Lanlehin: Buhari should hands-off economy, allow experts tackle recession
Did the Seventh Senate, in which you served, have any premonition of the present economic recession or privy to the fact that the economy will get this bad?
There has always been this need for caution because of the monolithic nature of our economy and this issue of our foreign exchange generating monolithic pattern. We always bear it in mind that the fluctuation of the oil price may affect our economy.
For instance, in the 1980’s the oil price went south. At that time there were indications that the oil price may go down because of the discovery of oil in some other climes around the world, for instance, in the United States and some other countries.
There were these feelings then that the economy might run into turbulent waters and that was why the Seventh Senate in which I served was always having issues with the executive, who wanted to have a benchmark for appropriation act.
To me, the current economic recession didn’t come as a surprise because the indices were there long time ago. The situation should not have taken us by surprise and we should have prepared for it.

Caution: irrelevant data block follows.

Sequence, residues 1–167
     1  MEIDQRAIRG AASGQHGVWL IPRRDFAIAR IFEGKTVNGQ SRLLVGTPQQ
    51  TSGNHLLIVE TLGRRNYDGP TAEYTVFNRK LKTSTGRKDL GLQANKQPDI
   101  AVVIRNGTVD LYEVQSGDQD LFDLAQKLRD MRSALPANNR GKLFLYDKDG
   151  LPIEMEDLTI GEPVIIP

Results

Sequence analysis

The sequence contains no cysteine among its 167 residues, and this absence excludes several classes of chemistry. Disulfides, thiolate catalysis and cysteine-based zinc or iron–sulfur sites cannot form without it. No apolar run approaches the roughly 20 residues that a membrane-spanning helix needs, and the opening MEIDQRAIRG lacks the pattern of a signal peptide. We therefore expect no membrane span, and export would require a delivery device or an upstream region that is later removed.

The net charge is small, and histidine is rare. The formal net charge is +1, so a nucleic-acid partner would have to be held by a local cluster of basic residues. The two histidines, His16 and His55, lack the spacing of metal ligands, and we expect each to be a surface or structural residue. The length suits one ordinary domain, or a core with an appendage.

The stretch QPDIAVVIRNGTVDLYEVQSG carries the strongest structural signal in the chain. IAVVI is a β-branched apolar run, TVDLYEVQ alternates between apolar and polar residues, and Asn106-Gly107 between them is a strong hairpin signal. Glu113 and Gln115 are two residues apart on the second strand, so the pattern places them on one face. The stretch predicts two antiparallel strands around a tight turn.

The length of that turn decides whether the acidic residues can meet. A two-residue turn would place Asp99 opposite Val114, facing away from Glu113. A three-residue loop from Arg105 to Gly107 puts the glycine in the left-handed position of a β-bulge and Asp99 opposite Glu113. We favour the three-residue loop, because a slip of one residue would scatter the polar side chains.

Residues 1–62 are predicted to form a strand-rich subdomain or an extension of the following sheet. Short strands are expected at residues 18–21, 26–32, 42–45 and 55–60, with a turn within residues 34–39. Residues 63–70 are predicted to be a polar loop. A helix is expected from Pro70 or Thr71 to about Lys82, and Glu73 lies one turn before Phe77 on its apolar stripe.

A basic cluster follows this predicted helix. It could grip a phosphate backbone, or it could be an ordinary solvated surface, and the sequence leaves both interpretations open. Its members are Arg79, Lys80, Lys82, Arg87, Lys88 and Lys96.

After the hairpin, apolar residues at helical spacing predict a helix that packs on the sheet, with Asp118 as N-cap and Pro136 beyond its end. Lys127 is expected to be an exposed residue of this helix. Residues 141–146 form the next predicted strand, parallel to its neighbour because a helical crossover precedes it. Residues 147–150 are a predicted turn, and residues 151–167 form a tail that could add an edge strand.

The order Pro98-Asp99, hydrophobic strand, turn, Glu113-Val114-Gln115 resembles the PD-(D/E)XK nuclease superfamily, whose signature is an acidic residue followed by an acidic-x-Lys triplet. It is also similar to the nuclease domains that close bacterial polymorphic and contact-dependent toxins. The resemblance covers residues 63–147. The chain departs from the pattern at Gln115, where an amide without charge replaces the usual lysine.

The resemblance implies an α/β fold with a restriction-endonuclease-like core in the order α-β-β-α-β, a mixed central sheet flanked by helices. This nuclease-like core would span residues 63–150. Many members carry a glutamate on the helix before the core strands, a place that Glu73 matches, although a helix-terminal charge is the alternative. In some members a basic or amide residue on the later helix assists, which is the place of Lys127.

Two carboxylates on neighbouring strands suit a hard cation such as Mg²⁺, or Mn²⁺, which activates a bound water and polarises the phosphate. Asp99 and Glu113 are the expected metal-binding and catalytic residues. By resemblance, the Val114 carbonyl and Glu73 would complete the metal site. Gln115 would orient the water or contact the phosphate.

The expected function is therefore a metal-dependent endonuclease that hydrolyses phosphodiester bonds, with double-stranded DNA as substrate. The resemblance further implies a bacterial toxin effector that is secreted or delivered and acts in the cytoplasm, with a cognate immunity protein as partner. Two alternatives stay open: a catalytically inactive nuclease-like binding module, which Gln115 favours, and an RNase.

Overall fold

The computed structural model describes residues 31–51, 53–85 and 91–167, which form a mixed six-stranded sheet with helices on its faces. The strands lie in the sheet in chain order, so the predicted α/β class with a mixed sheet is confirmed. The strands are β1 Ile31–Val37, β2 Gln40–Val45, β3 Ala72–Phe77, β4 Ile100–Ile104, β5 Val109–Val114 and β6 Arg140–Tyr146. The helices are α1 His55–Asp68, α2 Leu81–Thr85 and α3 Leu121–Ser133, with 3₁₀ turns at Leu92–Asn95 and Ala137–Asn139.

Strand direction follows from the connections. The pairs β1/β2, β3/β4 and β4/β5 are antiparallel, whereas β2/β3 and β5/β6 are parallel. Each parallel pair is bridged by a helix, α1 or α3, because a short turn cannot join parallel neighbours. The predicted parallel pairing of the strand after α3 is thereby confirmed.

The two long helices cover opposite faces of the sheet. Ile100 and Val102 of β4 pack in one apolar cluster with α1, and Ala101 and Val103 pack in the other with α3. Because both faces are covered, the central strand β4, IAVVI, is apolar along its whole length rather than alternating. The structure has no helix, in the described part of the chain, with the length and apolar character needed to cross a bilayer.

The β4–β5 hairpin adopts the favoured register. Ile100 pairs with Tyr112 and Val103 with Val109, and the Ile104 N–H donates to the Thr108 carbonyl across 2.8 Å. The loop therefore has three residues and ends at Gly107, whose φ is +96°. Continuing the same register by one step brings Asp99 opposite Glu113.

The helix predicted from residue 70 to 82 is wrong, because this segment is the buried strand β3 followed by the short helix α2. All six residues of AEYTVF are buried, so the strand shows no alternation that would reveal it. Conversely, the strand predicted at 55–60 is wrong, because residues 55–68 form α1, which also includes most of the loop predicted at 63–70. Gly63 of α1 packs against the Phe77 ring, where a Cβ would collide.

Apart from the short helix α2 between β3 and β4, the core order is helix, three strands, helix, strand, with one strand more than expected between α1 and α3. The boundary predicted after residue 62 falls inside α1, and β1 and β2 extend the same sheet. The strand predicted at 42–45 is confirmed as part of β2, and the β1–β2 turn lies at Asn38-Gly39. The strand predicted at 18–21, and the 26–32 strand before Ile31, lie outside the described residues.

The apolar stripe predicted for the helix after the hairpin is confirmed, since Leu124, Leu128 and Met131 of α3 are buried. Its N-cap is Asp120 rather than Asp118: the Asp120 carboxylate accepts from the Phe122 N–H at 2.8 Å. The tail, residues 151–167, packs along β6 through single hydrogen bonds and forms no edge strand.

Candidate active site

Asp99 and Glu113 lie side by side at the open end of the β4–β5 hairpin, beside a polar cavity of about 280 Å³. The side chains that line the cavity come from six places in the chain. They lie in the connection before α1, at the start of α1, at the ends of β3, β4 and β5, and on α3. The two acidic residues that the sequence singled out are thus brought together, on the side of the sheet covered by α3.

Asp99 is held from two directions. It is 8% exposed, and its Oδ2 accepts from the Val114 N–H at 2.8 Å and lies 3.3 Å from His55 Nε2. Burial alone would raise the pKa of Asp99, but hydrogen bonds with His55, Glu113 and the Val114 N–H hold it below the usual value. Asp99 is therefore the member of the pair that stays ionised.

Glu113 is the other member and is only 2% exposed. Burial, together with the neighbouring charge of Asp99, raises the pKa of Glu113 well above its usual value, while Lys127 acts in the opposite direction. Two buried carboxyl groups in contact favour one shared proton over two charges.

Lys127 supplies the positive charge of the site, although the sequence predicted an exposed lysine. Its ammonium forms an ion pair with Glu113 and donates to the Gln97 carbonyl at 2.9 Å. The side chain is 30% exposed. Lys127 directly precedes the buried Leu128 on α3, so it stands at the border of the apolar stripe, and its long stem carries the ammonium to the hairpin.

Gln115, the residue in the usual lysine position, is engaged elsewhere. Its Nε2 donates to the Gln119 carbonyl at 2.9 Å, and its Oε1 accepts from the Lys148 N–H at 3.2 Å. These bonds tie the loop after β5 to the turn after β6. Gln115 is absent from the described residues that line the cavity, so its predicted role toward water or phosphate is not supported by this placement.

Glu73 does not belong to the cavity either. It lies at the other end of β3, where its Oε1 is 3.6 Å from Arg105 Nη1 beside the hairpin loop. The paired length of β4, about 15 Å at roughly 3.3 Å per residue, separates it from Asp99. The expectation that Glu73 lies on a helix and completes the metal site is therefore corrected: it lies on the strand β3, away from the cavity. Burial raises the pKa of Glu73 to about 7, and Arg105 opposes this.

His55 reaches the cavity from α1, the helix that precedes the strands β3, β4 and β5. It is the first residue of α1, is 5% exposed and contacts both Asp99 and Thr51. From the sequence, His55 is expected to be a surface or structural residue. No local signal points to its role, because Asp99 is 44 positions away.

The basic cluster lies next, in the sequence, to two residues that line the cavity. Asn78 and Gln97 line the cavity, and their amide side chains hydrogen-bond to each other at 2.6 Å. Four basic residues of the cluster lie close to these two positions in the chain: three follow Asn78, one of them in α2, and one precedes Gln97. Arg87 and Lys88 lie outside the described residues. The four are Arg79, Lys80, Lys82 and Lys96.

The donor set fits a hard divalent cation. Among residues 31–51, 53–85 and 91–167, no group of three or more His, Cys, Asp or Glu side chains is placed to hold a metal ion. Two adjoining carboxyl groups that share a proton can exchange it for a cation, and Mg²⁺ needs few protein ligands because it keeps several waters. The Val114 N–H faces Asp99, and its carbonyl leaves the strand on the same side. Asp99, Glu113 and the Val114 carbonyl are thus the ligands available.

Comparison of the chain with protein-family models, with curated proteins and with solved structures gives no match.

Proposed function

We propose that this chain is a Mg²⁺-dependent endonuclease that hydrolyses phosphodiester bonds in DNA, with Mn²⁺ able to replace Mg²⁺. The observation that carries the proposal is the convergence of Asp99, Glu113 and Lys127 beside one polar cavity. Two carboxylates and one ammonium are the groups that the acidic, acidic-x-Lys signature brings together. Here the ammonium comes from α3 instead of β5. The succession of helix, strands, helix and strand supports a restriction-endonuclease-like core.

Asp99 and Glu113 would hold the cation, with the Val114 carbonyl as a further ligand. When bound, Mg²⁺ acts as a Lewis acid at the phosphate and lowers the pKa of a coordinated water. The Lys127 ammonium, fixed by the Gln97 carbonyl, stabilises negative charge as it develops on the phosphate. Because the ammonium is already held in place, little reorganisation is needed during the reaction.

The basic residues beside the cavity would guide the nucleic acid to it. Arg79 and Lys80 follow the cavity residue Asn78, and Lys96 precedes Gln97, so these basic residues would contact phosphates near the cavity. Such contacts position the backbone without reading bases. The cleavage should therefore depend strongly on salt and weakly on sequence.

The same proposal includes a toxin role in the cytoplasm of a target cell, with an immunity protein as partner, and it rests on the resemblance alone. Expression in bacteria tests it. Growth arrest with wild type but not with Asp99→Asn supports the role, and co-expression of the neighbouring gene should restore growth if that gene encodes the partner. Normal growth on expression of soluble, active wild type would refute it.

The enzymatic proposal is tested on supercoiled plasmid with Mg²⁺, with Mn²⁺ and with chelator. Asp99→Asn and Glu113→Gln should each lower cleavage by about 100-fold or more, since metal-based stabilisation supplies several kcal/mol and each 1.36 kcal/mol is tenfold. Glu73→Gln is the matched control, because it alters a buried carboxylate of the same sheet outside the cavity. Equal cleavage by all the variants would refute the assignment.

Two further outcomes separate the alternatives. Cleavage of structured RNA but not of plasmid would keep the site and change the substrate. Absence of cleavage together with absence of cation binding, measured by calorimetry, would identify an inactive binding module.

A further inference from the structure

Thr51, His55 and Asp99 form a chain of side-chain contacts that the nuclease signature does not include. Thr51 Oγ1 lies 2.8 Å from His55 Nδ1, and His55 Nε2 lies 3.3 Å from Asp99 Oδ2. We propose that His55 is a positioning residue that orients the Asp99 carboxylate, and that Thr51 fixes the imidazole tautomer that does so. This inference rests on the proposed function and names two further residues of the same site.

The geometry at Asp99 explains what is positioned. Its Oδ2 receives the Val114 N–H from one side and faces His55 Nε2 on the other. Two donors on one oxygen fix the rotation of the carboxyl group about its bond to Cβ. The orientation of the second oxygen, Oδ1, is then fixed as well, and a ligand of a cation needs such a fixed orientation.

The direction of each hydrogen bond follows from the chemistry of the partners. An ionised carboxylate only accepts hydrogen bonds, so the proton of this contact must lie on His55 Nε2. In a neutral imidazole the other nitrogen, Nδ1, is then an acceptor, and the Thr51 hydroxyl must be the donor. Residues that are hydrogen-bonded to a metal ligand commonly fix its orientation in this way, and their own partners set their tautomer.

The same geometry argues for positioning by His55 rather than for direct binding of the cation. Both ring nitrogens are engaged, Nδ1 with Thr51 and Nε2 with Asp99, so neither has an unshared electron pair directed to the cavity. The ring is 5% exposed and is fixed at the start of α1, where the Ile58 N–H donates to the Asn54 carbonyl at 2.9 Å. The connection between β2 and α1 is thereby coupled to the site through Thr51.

What is the way out?
The way out is for Mr. President to hands-off managing the economy. He is the President and the buck stops on his table, but at the same time I believe the economy needs to be handled by economists, people who understand the method, the process and the undercurrent of the economy. We need people who have the experience and the ability to manage the heat. To that extent, I believe we need the cooperation of the three arms of government.
The reason is that in interpreting the laws of the country, it must be done in a reasonable way, realistic and in the interest of the nation and meant to guide the affairs of the people. But particularly, there is the need for the cooperation between the executive and the legislature.There is the need to put all these personal issues aside and concentrate on how to get us out of economic recession.
Do you have any regrets leaving the ACN without realising your dream of picking the governorship ticket of the AP?
I always make my decision in the interest of the community and in the interest of my immediate constituency. I have not regretted it. Sometimes, you find yourself in a situation where you just cannot flow because of certain things and you either move out or keep your mouth shut.
It was understood that you had some running battle with Governor Abiola Ajimobi throughout your four years stay in the senate…